07 January 2019

At the healthcare centre in the Hageby district of Norrköping, patients can be seen on a drop-in basis – without ringing to make an appointment.

Caring male doctor smiles while talking to a baby boy in a free clinic. The boy's mom is holding him. Photo credit asiseeit“This is a new way of working for us, and it has turned out well”, says Rikard Wärdig, senior lecturer in healthcare research at LiU.
In the Hageby district of Norrköping, more than 50 per cent of residents were born abroad. And many of these have trouble with the system of phoning the healthcare centre to book a doctor’s appointment. Instead, they often go to the centre, where they sit and wait. This has been the case for many years, until the staff decided to change their procedures in line with this behaviour. So since 2012 the centre has offered a drop-in service during weekday mornings, staffed by a few nurses and one doctor.

Less unnecessary confusion

Rikard Wärdig, omvårdnadsforskare 2018Rikard WärdigRikard Wärdig has followed operations at the centre, and recently published an initial study where he interviews some 15 doctors and nurses, to get their opinions on the drop-in service. The study shows that the model works well, is good for patient security and reduces unnecessary misunderstandings.
“The healthcare worker sees the patient in person, directly, whereas with a phone call, language issues can make it difficult for the nurse to assess the patient’s condition, which can lead to a number of misunderstandings”, says Rikard Wärdig.
He gives an example where a patient seeks care after being bitten by “super-small birds”.
“It turned out to mosquito bites, which in other countries can be life-threatening. When he quickly got to see a doctor, his anxiety disappeared.”

Risk of infection

The drop-in arrangement has led to more satisfied customers, and the staff find their work enjoyable and more stimulating. The nurses have more opportunity to give advice on self-care, and now there are always Somali- and Arabic-speaking interpreters present, which greatly benefits operations.
However there are also some disadvantages, Rikard Wärdig points out.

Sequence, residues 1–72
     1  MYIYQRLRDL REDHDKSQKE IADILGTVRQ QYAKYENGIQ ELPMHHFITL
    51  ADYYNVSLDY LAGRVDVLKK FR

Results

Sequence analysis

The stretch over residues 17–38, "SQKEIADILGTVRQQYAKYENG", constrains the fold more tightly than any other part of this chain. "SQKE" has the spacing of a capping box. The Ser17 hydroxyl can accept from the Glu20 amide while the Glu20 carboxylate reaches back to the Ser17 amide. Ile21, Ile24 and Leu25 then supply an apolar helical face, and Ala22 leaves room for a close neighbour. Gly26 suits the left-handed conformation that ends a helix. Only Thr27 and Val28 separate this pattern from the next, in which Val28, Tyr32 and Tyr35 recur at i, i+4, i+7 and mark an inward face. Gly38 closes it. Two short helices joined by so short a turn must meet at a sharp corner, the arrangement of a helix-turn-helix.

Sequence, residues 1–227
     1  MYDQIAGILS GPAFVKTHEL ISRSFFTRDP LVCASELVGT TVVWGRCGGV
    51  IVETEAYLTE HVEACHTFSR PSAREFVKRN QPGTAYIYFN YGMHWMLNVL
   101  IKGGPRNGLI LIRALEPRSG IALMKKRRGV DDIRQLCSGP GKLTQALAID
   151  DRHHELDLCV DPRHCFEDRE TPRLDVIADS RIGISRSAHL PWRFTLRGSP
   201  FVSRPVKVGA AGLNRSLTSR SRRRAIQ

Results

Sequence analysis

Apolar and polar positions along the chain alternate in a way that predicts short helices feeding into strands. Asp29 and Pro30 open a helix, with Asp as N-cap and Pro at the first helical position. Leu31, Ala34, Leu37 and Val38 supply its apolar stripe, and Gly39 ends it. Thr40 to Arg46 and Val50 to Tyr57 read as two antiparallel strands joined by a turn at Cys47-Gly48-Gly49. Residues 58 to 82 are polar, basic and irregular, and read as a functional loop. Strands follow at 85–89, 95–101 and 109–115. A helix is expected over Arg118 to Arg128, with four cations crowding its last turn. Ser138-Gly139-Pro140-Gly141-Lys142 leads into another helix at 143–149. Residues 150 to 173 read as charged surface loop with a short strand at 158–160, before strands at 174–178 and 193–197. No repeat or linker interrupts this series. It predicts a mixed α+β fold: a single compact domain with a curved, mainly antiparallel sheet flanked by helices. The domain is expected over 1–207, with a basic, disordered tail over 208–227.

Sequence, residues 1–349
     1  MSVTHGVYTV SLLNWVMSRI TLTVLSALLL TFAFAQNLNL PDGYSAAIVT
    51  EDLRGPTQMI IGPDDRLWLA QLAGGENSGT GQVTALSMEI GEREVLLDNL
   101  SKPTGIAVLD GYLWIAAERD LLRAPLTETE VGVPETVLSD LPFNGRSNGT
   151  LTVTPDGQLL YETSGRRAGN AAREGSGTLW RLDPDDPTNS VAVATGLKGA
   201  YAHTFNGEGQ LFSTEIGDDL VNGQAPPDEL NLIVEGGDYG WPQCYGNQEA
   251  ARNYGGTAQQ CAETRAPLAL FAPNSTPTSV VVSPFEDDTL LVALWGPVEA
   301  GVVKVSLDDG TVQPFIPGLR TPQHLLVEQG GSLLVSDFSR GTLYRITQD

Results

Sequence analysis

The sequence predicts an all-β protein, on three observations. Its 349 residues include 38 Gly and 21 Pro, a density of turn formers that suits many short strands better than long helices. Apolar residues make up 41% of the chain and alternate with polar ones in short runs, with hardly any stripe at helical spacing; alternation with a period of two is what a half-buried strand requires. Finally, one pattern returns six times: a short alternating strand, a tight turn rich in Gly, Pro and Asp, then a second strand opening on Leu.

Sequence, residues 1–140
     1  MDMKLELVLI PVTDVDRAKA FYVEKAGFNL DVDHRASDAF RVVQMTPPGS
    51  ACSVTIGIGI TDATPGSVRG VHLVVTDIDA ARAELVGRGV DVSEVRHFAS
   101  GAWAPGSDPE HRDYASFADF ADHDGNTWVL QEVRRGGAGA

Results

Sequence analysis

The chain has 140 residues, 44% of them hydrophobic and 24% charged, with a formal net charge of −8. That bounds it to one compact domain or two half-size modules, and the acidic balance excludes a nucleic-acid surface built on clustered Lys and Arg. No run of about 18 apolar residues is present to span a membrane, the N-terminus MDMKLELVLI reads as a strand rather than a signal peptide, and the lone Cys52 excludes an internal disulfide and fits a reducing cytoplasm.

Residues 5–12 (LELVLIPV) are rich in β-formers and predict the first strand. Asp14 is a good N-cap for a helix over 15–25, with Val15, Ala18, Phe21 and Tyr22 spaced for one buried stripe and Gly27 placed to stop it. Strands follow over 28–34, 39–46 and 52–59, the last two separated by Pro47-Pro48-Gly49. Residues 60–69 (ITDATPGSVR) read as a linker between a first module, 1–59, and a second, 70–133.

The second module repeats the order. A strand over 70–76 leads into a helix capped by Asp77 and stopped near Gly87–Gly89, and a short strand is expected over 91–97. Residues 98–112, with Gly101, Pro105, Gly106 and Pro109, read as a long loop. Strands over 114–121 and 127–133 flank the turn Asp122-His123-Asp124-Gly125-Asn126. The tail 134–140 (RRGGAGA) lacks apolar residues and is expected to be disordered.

“The risk of infection, for instance. Patients can turn up with stomach flu, which in some countries can be life-threatening, so they seek medical help. To reduce the risk of infection, the waiting room has been reconfigured.”

Long waiting times

Another negative is that the patients are not assessed based on how serious their condition is. Instead, they take a number, and wait their turn. Sometimes the wait has been long.
“There should be a system where the patients with the most urgent needs get to see the doctor first. Also, the drop-in arrangement means that the elderly, as well as people with physical disabilities sometimes don’t come, because the queue can be long. But they can also ring and make an appointment with a doctor.”

Better patient security

So there are shortcomings, but the benefits are greater, since patient security is improved when the patients do not have to first be assessed by a nurse on the phone, according to Rikard Wärdig.
He has other studies of healthcare centres under way. One is about patients from abroad: their age, origin, education level and what type of care they seek help for. Another is how Swedish-born patients experience the drop-in service. The studies are to be completed in 2019 and 2020.
“We have to find ways to offer recent arrivals in Sweden good healthcare. This approach is interesting, and can serve as a good example for other healthcare centres.”

Translation: Martin Mirko

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